Like Sarah, Lydia views marriage with more gravity because of her parents’ ordeal, and she says Christians should set an example for successful marriages. “I believe that marriage is sacred,” Lydia says. “Marriage should be a relationship that grows and gets better and the love gets deeper and deeper . . . and God has to be the foundation of your relationship, or it will very likely fall apart. You have to go into it knowing that it’s a compromise and that there will be times that you will want to end it. But if you push through, then it will be one of the most rewarding things you can do.”

—Cracks in the Foundation—

First comes love, then comes marriage, then comes life. After pledging their lives to one another, two people find themselves in situations they never truly anticipated. Their house is filled with screaming children, and they dread the monthly mortgage bill, working overtime just to get by. Eventually, they realize they have been drifting apart, but don’t know what to do about it.

These circumstances can make a marriage particularly susceptible to infidelity. Dr. Tim Muehlhoff, professor of communications at Biola and author of Marriage Forecasting, offers some insights into the causes of adultery. “You go home to your second job — that is, raising kids, dealing with your wife, fixing the toilet,” Muehlhoff says. “Your spouse has heard all of your jokes before. Then suddenly, you go to work and you’ve got that person that you don’t live with who thinks all your jokes are funny. You’re infatuated by them because you don’t really know them. You know your spouse backwards and forwards. But there’s mystery to this person, and it’s really attractive.”

An overly hectic lifestyle, and consequent lack of rest, chips away at the foundation of a marriage, according to Muehlhoff. Connecting with God regularly is crucial to a healthy relationship, because “if your soul is fatigued, your defenses are down, so you’re more susceptible to an affair,” Muehlhoff says.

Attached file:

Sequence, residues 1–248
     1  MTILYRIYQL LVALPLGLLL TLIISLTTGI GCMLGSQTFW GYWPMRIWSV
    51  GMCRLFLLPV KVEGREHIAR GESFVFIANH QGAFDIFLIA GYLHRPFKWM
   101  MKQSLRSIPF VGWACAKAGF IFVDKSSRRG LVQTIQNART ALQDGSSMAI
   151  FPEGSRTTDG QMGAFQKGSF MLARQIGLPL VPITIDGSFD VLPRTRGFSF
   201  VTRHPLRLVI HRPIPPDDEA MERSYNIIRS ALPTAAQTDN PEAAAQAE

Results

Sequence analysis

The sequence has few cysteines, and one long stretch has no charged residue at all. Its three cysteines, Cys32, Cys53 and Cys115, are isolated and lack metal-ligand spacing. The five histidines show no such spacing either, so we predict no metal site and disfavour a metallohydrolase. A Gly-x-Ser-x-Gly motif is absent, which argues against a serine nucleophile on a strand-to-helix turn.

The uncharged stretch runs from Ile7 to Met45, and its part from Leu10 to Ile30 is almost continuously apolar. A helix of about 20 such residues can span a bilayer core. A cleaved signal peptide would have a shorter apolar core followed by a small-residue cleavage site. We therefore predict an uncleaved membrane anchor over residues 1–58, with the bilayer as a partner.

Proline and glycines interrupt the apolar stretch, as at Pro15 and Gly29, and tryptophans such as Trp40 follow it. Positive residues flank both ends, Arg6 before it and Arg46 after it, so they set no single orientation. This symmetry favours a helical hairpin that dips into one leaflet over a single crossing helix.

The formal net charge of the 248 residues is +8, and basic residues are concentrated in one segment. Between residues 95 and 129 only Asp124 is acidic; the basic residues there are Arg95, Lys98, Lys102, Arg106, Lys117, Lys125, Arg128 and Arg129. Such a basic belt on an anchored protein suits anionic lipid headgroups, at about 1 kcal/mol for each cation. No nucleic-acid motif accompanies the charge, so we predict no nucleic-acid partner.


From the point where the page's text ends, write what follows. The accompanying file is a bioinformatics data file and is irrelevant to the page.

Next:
Other factors come into play as well. According to Dr. Rob Lister, an assistant professor of biblical and theological studies at Biola, a lack of accountability to fellow Christians is often another precursor to adultery. Without the support this accountability makes possible, it becomes easier to give in to the temptation of infatuation.

While rest and accountability are important, at the end of the day, the success of a marriage is built on a healthy focus on God, as well daily patience and perseverance. “On one hand, we’re connecting our marriages to the gospel,” Lister says. “Our marriages are little mirrors of Christ’s love for the church. But we must also do the nitty-gritty detail work of building a relationship together.”

Couples must establish practical steps for combating the temptation to walk out of a deteriorating marriage. Muehlhoff suggests avoiding the negative views of sex and marriage that are prevalent in the media. Largely because of media’s influence, modern culture has cheapened the idea of marriage and taken faithfulness too lightly, freely allowing one or both spouses to seek fulfillment elsewhere when their marriage goes awry. Muehlhoff also cautions again living beyond one’s means, because financial trouble is one of the most common sources of stress on a marriage.

If a couple fails to take those practical steps and falls into infidelity, Lister emphasizes the importance of immediately seeking support from the church community. “The church is a place for sinners, a place for broken people,” he says. “It should be a place where sinners of all stripes feel welcome to come for counsel, encouragement, nourishing — to be helped along by other sinners who are deeply in love with the grace of Christ.”

According to Lister, the first step to forgiveness and restoration is to remember that all people are sinners. In that sense, every person has broken a much greater vow with God. But whereas the human capacity for unconditional forgiveness is often limited, God’s grace has no limits, regardless of the sin committed against him. “Operating with the cultural mindset, [Christ] would have divorced his bride a long time ago,” Lister says. “But he persists in love, fidelity, care and provision of his bride in spite of our many adulteries.”

Furthermore, Lister says, God’s grace does even more than simply forgiving individual sins: Through his forgiveness, God also makes possible the restoration of other relationships. “The good news is,” Lister says, “that if our sins against God may be forgiven, then in a horizontal dimension it is possible to experience healing, forgiveness and reconciliation as well.”

*Names have been changed to protect privacy